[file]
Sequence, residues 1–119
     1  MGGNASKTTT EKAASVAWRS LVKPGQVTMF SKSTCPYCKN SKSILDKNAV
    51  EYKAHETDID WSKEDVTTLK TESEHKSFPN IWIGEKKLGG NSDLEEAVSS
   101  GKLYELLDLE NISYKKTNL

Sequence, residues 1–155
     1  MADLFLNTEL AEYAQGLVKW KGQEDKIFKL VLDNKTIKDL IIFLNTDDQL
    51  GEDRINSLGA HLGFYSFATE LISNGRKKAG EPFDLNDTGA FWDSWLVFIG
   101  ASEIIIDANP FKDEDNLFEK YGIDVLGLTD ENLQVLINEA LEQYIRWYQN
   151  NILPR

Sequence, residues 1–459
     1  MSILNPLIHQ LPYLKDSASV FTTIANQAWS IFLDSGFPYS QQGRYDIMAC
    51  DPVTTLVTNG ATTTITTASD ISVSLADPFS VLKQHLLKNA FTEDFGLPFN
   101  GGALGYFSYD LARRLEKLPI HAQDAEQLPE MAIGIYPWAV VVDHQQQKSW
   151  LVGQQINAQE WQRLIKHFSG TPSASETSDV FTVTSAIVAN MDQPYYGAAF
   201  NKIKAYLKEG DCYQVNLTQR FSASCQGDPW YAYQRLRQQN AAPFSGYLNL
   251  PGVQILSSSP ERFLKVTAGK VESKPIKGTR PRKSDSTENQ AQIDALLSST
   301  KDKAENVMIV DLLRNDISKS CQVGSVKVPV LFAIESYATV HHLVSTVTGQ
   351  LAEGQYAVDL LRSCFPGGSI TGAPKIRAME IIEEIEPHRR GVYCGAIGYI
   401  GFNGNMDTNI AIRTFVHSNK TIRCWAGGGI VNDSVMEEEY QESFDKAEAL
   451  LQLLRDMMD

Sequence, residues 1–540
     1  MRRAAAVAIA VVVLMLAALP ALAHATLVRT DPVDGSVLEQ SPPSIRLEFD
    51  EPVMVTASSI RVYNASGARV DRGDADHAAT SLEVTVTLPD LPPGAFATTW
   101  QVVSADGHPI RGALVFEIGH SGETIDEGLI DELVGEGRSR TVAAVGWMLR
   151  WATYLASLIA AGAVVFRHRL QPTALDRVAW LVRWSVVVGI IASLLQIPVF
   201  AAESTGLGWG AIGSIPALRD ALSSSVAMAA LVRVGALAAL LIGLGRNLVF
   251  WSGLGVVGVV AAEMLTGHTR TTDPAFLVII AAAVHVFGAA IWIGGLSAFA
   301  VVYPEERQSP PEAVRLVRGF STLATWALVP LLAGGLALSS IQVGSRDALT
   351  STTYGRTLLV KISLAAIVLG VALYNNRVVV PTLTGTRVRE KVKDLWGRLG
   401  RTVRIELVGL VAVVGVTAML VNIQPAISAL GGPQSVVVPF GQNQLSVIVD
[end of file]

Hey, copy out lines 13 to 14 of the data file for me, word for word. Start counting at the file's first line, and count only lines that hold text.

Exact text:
   101  GGALGYFSYD LARRLEKLPI HAQDAEQLPE MAIGIYPWAV VVDHQQQKSW
   151  LVGQQINAQE WQRLIKHFSG TPSASETSDV FTVTSAIVAN MDQPYYGAAF